No, that’s not a black-and-white filter. That was my city in the snow a few days ago! Snow here is a pretty rare sight… Israel has got a tropical weather that’s mostly hot. You wouldn’t know it was ever here, either, looking out the window today. To make my point…
The university promptly called a Snow Day and even though both Mr. Graceful and I had work to do, we made up every excuse we could, put on our boots, and went to play in the snow. It was the merriest I had ever seen my street.
T”u B’Shvat is the exact middle of the fifth month in the Jewish lunar calendar, and it was chosen to mark the “Tree Holiday,” or a birthday for nature.
It’s always strange to me because a birthday for nature or for trees always makes me think of Spring, when actually it is still very much winter (see secondphoto). I guess the forefathers of Judaism understood that nature begins renewing itself long before we ever get to see the first signs of renewal. It was originally set as the end of one agricultural year and the beginning of another.
On this holiday, it is customary to plant trees and eat nuts and dried fruits – the first symbolizing the beginning of a new year of growth, and the latter to symbolize enjoying the fruits of the past year.
This year, this wonderful and happy holiday comes out this Saturday! These cookies are perfect for that occasion, great as a healthier option to bring to parties, and are generally just one of those things that are so satisfying to find in the cookie jar when you are looking for something sweet and crunchy to go with your morning coffee. They are very easy and quick to prepare, as you will soon see. Although not a meal, the recipe is definitely student-approved as it requires no special ingredients or utensils (a toaster oven would work well instead of a full-on, hardcore family oven, but you will probably have to bake one pan at a time – depending on the size of the oven).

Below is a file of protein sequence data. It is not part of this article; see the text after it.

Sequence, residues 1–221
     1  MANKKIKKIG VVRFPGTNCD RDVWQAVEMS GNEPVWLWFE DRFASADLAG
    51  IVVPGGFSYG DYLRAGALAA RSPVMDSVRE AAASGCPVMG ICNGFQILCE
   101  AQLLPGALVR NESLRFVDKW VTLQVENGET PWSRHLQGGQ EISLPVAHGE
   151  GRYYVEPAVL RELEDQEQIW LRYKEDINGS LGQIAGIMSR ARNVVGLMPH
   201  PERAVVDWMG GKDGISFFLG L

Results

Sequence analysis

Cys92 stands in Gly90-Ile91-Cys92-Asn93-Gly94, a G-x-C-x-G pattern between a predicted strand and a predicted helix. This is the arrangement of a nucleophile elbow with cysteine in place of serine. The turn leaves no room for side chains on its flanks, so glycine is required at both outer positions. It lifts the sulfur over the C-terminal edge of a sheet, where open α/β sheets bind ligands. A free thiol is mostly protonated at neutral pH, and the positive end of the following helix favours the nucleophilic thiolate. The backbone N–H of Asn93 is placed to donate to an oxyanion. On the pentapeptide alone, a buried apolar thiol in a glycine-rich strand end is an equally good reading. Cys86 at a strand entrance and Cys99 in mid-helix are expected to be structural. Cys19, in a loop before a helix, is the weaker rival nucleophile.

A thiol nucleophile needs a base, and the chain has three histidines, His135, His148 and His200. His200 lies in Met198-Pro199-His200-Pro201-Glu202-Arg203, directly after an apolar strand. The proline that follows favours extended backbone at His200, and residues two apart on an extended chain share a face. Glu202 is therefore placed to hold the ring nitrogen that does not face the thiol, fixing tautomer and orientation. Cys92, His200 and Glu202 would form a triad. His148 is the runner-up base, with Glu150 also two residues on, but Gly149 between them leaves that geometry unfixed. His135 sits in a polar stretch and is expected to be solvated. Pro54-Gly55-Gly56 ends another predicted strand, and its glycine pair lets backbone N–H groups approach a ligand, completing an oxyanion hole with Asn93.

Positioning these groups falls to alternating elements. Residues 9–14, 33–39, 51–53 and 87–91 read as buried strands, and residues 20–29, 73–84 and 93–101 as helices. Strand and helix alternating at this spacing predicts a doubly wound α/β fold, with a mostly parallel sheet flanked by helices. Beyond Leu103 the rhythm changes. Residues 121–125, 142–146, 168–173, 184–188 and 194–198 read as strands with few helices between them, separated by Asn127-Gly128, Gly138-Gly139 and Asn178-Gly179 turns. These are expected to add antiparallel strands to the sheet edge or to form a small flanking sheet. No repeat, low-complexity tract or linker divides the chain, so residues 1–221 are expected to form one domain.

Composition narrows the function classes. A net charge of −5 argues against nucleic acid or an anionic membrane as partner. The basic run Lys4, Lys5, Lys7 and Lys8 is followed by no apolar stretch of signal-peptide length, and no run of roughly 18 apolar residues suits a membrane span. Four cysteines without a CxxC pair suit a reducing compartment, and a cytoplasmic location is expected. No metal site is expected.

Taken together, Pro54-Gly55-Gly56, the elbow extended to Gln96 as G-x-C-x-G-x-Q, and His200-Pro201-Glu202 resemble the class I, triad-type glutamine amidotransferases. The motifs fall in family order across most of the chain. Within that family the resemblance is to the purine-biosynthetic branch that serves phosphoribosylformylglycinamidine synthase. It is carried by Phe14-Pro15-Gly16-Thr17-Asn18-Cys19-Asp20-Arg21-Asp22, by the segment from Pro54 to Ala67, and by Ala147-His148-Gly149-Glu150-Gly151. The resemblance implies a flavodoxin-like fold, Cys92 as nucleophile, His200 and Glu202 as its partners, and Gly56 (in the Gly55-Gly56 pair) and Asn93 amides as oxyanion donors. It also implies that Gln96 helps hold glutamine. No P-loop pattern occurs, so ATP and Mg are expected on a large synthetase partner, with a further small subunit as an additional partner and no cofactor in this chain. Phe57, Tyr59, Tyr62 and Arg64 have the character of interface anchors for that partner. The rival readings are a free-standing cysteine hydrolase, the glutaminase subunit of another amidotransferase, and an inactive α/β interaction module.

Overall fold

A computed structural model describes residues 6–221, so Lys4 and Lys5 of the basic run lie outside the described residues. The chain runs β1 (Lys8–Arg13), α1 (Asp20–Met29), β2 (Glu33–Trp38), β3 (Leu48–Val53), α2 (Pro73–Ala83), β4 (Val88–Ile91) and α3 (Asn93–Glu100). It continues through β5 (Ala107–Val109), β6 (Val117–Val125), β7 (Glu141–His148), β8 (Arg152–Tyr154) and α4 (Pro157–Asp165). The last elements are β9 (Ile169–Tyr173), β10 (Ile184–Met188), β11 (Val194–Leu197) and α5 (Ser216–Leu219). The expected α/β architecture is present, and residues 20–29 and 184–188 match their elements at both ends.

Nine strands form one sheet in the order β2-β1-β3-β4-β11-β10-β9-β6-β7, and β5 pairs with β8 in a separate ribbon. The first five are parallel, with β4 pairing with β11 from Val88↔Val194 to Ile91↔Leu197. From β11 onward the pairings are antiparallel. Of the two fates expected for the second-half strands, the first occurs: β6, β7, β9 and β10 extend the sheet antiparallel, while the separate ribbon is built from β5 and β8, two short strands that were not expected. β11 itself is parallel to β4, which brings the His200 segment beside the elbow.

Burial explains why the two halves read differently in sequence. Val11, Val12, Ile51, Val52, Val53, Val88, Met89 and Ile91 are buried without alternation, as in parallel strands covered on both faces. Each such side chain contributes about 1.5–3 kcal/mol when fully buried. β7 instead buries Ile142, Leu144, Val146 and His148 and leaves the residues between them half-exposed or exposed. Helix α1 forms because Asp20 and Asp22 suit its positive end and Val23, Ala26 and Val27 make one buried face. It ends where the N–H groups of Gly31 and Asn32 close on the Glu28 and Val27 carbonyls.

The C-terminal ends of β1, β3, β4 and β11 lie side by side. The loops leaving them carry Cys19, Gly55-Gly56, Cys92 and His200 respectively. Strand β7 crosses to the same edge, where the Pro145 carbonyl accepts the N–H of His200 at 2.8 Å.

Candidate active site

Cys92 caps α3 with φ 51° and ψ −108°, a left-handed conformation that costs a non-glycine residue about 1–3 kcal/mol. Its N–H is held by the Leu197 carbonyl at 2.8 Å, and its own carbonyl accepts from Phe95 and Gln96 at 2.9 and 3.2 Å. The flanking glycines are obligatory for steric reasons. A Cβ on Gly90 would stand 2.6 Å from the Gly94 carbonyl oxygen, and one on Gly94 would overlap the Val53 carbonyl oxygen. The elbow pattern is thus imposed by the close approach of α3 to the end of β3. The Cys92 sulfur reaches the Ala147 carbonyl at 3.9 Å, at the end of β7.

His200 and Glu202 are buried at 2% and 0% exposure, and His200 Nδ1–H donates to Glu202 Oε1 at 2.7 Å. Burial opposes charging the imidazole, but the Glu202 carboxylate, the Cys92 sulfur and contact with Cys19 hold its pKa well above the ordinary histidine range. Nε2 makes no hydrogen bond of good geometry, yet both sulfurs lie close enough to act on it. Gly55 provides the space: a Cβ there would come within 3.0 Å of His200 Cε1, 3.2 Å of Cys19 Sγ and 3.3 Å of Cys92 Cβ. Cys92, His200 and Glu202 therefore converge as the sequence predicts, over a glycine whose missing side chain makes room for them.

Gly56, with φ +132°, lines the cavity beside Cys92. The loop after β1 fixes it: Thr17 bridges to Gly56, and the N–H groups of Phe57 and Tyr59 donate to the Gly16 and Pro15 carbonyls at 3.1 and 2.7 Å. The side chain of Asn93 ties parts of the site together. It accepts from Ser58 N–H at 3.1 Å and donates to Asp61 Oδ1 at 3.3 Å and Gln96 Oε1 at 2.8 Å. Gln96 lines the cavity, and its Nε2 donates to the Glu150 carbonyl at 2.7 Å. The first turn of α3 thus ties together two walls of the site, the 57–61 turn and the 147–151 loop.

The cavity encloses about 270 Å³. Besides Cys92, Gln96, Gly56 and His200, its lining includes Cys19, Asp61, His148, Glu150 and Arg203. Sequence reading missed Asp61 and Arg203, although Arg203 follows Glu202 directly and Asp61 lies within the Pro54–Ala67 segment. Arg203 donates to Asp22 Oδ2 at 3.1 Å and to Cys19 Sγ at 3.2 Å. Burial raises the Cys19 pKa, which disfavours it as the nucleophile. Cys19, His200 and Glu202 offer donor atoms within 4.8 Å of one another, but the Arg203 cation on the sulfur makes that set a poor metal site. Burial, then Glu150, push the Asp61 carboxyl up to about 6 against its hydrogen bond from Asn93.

This is a recipe my mother got from her mother, my grandmother. I think it was originally meant to be a fruitcake, but my mom divides it into pans and so it bakes through and becomes crunchy cookies.
Fruity, Nutty, Energy Cookies:
Serves: Makes about 30 cookies
Estimated Time: 10 minute Prep + 15 minute bake
Kosher Classification: Neutral
1 cup raisins
1 cup nuts of choice, whole (I like mixing a few kinds)
4 Tbs. brown sugar
7 Tbs. whole wheat flour
1/2 tsp vanilla extract (optional)
Preheat oven to 180 Celsius (350 Fahrenheit). Line two loaf pans (about 11 x 3 inch) with baking parchment paper. Mix all ingredients together in a mixing bowl. If you don’t have a really, really good sharp serrated knife to cut the cookies with later, I suggest you coarsely chop the nuts before mixing them in. If you do have such a knife, however, using the nuts whole gives the cookies a nicer look, since you are slicing right through the nuts. The choice is yours.
The “batter” will seem to be a bit dry in the beginning but that is the way of these cookies.
Just keep mixing until uniform.
Divide between the pans and smooth tops. Because this batter is basically mostly chunks of nuts and raisins, “smoothing the top” won’t be as easy as smoothing the top of a mousse cake. But worry not, it’s not difficult! Just press the batter down with a spoon, squishing it towards the bottom while at the same time spreading it along the bottom of the pan. Since the bottoms of pans vary in size, the batter may not cover the entire bottom. That’s alright, just make sure the batter is the right thickness when you’re done “smoothing” it – less than 1/2 inch, or 1.5 cm.
Bake for 15 minutes, then remove from oven and let cool completely before attempting to cut into bars with a very sharp, serrated knife.
- Preheat oven to 180 Celsius (350 Fahrenheit) and line two long loaf pans (11 x 3 inch) with parchment paper.
- Mix nuts (1 cup), raisins (1 cup), flour (7 Tbs), sugar (5 Tbs) and (2) eggs in a mixing bowl until uniform.
- Divide between the two pans and smooth tops.
- Bake for 15 minutes and let cool completely before slicing with a very sharp serrated knife.